We take online safety very seriously. Here are some ways in which we help our children stay safe online:
- School's internet service is heavily filtered by our Internet Service Provider.
- When teaching Computing, our staff include online safety as part of the curriculum.
- Our local PCSO from Cumbria Constabulary comes in to talk to the children about keeping themselves safe and cyber-bullying issues.
- All children are also aware that if they are ever worried about anything they can talk to any adult in school about this.
Cumbria Local Safeguarding Children Board
The Cumbria LSCB is a body that works to ensure children and young people throughout Cumbria are kept safe and have their needs met. Their website is here.
Important Contact Details
Starting Point (for all safeguarding concerns)
Telephone: 0333 240 1727
Out of Hours (Children/Young People/Adult Social Care)
If you believe them to be at risk of immediate danger call the Police 999 telephone number.
If you believe there is a safeguarding concern which requires a social work response out of hours call the Emergency Duty Team (EDT) on 0333 240 1727.
NSPCC - National Helpline
Telephone: 0808 800 5000
Telephone: 0800 11 11
Online Gaming - Guides for Parents
At Dean School, we love computers and computer games. They can be great learning experiences, as well as lots of fun! However, it is important that children are kept safe online. National Online Safety, an organisation dedicated to online safety, has published the following guides. We hope you find these helpful.
It can be challenging for parents and carers to know whether children are spending too much time on their devices. It's even more of a challenge to know whether a child is addicted to social media. Read the guide below for information on what is known as 'screen addiction'.
Live streaming is the term used to describe the broadcast of a real-time video from a mobile device, tablet or games console. Live streaming opens up a world of excitement for children, where they can watch live concerts, celebrities and connect with friends. The 'stream' can go both ways, and there are apps which enable children to broadcast their own live streams. There are many positives to this technology, but there are dangers with it too. Click the link below to see National Online Safety's guide:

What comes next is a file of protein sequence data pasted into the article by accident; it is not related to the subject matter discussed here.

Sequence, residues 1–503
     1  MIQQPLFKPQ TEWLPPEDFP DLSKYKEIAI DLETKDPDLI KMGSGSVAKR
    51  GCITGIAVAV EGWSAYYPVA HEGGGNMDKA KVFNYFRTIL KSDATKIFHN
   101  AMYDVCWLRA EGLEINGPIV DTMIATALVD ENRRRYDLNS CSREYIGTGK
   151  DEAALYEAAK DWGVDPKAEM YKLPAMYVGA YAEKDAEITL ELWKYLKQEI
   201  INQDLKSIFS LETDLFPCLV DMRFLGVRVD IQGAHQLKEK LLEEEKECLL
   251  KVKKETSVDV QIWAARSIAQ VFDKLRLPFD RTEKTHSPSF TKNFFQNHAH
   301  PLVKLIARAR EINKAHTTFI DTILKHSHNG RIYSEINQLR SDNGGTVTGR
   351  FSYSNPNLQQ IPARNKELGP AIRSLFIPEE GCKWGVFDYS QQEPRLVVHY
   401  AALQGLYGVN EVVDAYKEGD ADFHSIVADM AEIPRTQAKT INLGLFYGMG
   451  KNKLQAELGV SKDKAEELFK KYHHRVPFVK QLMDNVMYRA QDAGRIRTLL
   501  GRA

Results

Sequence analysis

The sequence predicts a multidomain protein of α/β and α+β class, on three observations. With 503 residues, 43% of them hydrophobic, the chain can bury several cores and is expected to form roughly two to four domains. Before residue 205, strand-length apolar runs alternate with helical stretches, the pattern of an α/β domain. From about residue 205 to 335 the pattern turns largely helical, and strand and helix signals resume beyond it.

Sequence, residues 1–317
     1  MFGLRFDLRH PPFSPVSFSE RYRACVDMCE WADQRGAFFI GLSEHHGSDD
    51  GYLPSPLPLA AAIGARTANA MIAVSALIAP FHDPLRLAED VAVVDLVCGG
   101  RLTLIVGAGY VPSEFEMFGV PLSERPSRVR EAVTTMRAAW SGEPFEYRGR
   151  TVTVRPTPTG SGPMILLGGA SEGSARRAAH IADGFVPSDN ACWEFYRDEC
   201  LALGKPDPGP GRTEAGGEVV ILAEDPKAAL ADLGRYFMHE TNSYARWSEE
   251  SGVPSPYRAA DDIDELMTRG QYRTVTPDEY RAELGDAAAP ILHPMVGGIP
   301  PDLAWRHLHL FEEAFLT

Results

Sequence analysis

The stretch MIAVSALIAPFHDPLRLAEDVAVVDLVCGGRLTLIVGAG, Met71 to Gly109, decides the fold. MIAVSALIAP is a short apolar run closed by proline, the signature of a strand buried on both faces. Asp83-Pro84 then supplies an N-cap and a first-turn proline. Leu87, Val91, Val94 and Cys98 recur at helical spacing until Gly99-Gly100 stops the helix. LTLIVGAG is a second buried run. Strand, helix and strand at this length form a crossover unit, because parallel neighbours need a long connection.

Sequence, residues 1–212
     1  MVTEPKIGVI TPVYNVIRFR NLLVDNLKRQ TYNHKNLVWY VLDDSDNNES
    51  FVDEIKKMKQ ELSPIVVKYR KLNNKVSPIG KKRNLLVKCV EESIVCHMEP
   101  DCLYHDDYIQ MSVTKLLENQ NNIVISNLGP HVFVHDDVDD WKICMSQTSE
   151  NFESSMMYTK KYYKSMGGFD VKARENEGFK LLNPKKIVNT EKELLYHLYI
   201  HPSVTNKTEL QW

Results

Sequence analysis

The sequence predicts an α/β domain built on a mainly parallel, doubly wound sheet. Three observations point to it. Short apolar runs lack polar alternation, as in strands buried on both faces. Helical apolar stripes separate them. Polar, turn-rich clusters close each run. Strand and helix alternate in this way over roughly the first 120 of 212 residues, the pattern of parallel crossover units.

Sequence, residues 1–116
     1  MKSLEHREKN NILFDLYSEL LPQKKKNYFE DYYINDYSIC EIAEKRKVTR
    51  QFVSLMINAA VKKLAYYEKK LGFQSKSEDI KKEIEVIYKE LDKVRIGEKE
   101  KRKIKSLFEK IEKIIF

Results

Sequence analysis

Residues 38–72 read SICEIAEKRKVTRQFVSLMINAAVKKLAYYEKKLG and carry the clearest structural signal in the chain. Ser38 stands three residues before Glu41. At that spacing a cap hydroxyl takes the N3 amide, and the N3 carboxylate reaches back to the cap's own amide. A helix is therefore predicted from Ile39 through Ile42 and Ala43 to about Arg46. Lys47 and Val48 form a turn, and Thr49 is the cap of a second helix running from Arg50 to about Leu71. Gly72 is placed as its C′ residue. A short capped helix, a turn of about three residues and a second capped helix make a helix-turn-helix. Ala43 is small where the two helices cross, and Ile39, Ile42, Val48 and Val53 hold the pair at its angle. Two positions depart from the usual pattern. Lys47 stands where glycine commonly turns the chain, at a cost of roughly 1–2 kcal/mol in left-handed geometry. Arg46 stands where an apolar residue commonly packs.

YouTube is a video sharing site/app that enables users to upload, view, rate, share and comment on a wide variety of videos.
TikTok is a global video community where users create, share and discover 'funny and memorable moments' via short video clips, typically about 15 seconds long. See the leaflet below for some helpful parents' tips.
Minecraft is played by millions of children around the world. Players have the freedom to build their own landscapes and creations. They also have the opportunity to explore other people's creations with their characters, connecting to online servers, which other players can create. If your child is playing Minecraft, there are some tips in the leaflet below to help keep them safe.
Instagram is a photo sharing app that allows users to share images and videos with the world. The app has a live streaming feature and additional add-ons, such as 'Boomerang', 'Hyperlapse' and 'Layout', which can be used to enhance their feed.
Roblox is a multi-player online gaming platform which allows children to play and create a variety of 3D games. It also features online payments. There are some tips in the leaflet below for parents whose children are playing this game.
Fortnite: Battle Royale
Fortnite: Battle Royale is a very popular game at the moment. There are some tips in the guide below to help keep children safe if they're playing.
Snapchat is a photo sharing app for mobile phones and tablets.
PlayerUnknown's Battlegrounds, known as PUBG for short, is an online multiplayer gaming experience, and is one of the most popular games in the world. Click the link below for more information, and tips for parents whose children are playing this game.